Russell Standish wrote:

On Thu, Aug 12, 2004 at 01:08:36AM -0400, Jesse Mazer wrote:

Also notice that in the analysis of Afshar's experiment by W. Unruh at
http://axion.physics.ubc.ca/rebel.html which scerir linked to, Unruh does
not dispute Afshar's claim that all the photons from the each pinhole end
up in a single detector. In fact, he offers a "simpler version of the
experiment" involving a multiple pass interferometer, depicted in figure 2,
and says that in this experiment you do know which path a photon took by
looking at which detector it hits: "By measuring which detector they
triggered, 5 or 6, one measures which of the beams, 1 or 2, the photon
traveled along". Since the experiment in figure 2 is just supposed to be a
"simpler version" of Afshar's experiment, it's pretty clear that Unruh
would not disagree that the lens insures that knowing which detector
absorbed a photon is enough to tell you which path the photon must have
taken through the pinholes. Unruh is a fairly big-name physicist and his
explanation of what's wrong with Afshar's conclusions about complementarity
are pretty detailed, while I don't know anything about Basil Hiley and his
criticisms are more vague.

After looking at Unruh's explanation, I can only say that he puts in a very persuasive manner, the substance of my post to this list: namely that the insertion of a diffraction grating (equiv. Unruh's path 4 absorber) destroys the "which-way" information.

Hmm, on rereading the last section of Unruh's article I see you're correct--in the second-to-last paragraph he says "However, while in the interference experiment, the presence or absence of the absorber in path 4 would seem to make no difference-- no photons travel along path 4 to be absorbed-- it makes a crucial difference in the interpretation. A critical part of the the interpretation is drawing the inference that IF the particle was detected in detector 5, THEN it must have come from path 1. Similarly, IF it was detected in detector 6, then it came from path 2. The presence of the absorber in path 4 does not change the experiment, but it destroys these inferential chains."


I'm a little confused by his answer though, because he says the presence or absence of the absorber along path 4 in figure 2 makes absolutely no difference to the outcome of the experiment, since interference insures no photons would travel along path 4 even without the absorber there. So if you placed a continuous screen in the position of the two detectors, you'd still get two distinct spots with no interference fringes between them...and doesn't complementarity say that the absence of interference between two spots on a screen in the double-slit experiment can only occur when you *do* know which hole the photons landing on each spot went through?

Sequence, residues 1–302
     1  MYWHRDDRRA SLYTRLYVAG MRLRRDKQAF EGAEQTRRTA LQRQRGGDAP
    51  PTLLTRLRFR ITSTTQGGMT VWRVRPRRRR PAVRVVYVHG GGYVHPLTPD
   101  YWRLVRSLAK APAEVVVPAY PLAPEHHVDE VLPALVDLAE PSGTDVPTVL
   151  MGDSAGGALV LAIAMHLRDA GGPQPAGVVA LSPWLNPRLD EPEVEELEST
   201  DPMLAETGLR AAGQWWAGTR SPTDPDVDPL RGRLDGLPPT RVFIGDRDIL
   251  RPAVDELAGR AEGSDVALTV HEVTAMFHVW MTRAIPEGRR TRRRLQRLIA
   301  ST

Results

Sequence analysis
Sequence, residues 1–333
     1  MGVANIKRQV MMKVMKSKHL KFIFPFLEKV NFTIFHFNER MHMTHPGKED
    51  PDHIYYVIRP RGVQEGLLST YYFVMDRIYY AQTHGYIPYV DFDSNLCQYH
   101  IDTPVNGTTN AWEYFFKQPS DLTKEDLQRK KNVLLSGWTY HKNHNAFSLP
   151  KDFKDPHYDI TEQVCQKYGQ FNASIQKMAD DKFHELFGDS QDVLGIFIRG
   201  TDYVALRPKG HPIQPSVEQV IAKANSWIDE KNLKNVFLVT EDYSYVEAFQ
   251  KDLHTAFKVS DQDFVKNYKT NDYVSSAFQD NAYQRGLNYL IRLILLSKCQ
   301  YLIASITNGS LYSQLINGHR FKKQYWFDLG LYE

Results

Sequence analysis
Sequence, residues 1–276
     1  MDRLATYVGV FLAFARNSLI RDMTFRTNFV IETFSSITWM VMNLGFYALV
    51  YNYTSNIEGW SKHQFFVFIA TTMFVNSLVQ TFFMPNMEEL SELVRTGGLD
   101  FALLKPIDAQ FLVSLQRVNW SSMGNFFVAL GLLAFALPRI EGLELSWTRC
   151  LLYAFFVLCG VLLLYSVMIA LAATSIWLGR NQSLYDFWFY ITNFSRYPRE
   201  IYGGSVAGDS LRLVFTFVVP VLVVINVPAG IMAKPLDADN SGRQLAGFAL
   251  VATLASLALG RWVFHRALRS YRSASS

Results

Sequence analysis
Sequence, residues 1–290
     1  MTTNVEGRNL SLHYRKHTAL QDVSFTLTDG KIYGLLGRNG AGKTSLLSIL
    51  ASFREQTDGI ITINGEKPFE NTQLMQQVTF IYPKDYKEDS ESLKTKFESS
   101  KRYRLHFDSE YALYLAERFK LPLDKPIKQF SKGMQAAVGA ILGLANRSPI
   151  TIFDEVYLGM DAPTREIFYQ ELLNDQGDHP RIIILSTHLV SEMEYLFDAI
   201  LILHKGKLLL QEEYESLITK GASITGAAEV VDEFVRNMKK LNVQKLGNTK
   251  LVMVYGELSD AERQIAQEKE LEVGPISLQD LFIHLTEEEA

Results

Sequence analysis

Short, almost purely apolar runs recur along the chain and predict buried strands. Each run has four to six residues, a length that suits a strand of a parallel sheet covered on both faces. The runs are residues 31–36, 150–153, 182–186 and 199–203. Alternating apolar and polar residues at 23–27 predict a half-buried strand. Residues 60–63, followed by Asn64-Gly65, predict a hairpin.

Along the same lines, I'm confused about exactly how your answer fits with Unruh's answer. You said:

Now in the article, Afshar claims to have measured which slit the
photon passed through and verified the existence of an interference
pattern. However, this is not the case - without the wires in
place to detect the presence of the interference pattern, photons
arriving at detector A have passed through slit A, and vice-versa with
detector B and slit B. However, with the wires in place, some photons
are scattered, indeed some photons which passed through slit A will
arrive at detector B. With both slits open, and the wire placed
exactly at a null point of the interference pattern, the photons
passing through slit A and arriving at detector B exactly counteracts
the photons passing thoguh slit B that have been lost through
scattering. The mathematics of quantum mechanics assures this,
coincidental this may seem.

Is Unruh saying that in figure 2 without the absorber, the amplitude of a photon travelling along path 4 is zero, but with the absorber in place, there is some nonzero amplitude for a photon to travel along path 4 but then be scattered into the "wrong" detector? If he's not suggesting the possibility the absorber will scatter photons without absorbing them is relevant here, then I wouldn't think he'd say the possibility the wires will scatter photons without absorbing them is relevant to Afshar's experiment. When you say "the mathematics of quantum mechanics assures this", did you actually do a calculation of the effects of scattering in Afshar's experiment?


Jesse Mazer




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